Membrane Potential and Stem Cell Potency in Normal and Malignant Tissues

 Background:  The processes that regulate multipotency – the ability of a cell to differentiate into multiple different cell types – remain largely unknown.  Multipotency is a critical property of normal stem and progenitor cells and subpopulations of malignant cells that generate more differentiated daughter cells.  Better understanding of the processes that govern differentiation and lineage commitment hold promise to advance the fields of regenerative medicine and oncology. To identify novel genes that regulate multipotency, we generated a multi-organ murine cancer and lineage tracing model by recombining conditional oncogene, tumour suppressor gene (TSG) and lineage tracing alleles in cells expressing Cre-recombinase from the Promin1 locus: Promin1 marks stem and progenitor cells in several organ types1 (Figure 4). By comparing the whole cell transcriptomes of normal gastric stem cells and their daughter malignant stem cells that generate gastric adenocarcinomas, we identified a small number of genes, several ion channels and solute carriers that were selectively silenced in the malignant stem population.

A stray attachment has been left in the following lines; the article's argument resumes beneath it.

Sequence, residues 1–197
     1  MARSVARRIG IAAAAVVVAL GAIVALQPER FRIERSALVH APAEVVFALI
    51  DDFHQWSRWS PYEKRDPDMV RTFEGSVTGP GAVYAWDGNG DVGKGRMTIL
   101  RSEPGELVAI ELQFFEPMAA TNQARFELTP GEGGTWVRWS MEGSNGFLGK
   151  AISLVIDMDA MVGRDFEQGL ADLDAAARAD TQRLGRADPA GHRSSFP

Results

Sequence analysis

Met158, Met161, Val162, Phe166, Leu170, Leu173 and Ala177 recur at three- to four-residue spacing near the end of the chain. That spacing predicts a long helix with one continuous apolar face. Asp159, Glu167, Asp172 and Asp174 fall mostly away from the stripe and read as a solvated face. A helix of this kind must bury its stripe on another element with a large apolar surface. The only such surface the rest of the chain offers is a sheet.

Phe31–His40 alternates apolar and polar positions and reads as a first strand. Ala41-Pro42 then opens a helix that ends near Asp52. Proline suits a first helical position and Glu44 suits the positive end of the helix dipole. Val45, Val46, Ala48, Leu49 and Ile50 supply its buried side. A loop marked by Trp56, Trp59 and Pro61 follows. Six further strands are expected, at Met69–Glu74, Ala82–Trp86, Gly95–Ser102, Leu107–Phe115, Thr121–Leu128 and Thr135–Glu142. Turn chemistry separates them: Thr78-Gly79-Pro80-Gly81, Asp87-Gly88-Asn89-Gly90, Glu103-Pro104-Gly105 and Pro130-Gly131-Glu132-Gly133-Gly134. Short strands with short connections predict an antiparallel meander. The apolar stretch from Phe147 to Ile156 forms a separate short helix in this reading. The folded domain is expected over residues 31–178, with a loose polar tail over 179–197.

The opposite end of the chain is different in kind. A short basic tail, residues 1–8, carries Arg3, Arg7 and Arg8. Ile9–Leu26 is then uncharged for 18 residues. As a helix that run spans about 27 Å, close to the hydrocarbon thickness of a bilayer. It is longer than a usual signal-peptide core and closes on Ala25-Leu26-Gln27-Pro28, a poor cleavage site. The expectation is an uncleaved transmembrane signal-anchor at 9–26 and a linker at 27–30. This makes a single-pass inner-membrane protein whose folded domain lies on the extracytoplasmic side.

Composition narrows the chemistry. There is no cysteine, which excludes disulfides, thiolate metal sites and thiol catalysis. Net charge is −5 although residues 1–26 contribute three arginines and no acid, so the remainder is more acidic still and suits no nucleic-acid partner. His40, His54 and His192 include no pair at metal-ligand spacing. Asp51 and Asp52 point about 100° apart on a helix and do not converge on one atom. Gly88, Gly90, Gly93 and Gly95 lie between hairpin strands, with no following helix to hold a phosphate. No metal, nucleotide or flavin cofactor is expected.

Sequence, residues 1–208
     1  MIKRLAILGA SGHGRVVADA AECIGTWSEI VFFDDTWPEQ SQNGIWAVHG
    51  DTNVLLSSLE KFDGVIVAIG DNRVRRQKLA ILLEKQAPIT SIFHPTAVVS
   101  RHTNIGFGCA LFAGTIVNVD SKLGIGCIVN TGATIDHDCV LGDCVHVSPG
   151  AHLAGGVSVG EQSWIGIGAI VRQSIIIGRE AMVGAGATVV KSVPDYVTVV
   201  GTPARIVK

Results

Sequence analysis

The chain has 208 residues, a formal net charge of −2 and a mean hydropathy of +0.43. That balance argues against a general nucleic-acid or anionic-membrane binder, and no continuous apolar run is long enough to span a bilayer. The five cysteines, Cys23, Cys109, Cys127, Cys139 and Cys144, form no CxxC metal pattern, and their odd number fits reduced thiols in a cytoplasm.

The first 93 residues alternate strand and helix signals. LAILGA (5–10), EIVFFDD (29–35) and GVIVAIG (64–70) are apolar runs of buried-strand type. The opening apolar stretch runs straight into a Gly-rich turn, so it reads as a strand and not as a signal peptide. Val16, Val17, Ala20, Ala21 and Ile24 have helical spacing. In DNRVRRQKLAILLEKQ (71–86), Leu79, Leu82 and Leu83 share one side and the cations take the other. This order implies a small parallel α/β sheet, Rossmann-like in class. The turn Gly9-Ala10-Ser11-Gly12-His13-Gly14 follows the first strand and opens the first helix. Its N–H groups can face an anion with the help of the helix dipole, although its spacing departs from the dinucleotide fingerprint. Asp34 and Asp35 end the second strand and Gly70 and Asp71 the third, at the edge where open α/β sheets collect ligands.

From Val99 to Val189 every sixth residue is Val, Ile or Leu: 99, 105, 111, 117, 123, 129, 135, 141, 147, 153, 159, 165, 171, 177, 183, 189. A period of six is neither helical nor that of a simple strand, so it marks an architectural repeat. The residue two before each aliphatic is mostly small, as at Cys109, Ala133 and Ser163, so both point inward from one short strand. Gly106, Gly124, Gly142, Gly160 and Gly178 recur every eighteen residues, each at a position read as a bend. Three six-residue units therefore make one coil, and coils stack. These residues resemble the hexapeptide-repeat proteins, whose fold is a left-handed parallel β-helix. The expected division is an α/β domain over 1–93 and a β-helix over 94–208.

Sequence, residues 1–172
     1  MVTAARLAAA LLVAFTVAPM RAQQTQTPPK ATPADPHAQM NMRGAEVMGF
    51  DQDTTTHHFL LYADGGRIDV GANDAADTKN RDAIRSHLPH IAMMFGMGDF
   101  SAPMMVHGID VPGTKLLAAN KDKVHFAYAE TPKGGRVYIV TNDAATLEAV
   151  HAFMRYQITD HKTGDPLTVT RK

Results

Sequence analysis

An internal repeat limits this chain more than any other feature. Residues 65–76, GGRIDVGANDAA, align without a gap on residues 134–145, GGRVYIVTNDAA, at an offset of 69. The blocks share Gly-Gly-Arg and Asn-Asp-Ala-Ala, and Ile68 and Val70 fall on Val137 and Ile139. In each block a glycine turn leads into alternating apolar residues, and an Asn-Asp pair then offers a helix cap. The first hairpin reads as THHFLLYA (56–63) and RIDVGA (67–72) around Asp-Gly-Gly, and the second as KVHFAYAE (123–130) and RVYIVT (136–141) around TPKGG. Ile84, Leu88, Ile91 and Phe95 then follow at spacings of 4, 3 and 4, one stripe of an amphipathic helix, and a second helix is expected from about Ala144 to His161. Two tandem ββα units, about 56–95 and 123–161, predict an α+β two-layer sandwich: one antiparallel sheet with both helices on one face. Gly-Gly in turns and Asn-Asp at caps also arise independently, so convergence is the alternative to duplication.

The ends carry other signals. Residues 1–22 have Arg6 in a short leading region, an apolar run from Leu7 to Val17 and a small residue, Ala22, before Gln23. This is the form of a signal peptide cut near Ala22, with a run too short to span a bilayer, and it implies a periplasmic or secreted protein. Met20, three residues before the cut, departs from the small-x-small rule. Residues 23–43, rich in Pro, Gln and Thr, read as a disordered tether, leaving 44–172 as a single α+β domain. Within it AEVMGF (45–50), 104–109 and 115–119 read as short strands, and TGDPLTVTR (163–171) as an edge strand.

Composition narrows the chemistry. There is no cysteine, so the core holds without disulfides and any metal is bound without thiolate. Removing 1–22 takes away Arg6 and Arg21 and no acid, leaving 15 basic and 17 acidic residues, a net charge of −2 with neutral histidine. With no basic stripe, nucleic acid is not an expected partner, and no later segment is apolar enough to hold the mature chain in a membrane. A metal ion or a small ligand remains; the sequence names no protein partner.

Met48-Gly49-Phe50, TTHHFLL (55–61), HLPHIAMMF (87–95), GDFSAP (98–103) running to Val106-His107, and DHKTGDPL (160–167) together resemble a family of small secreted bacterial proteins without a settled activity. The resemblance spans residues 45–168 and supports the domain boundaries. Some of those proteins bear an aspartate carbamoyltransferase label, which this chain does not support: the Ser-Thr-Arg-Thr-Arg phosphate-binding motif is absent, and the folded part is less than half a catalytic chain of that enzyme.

Current research:  We are generating a series of knock-in and knock-out models of ion channels to study their role in normal and malignant differentiation in tissues, with particular interest in the intestine.

Figure 4: Prom1+ cells (green) are source of stem cells for normal and malignant growth in the small intestine. Cartoon depicting how a conditional reporter allele (GFP) was recombined in the Prom1+ cells (bottom of crypt) in small intestine. Cells subsequently produce daughter cells that contribute to normal small intestine development (left) or become source of malignant growth (right), when oncogenes or tumour suppressor genes are recombined in Prom1+ cells.

Further reading

  1. Zhu, L., et al., Prominin 1 marks intestinal stem cells that are susceptible to neoplastic transformation. Nature, 457: 603-7, 2009.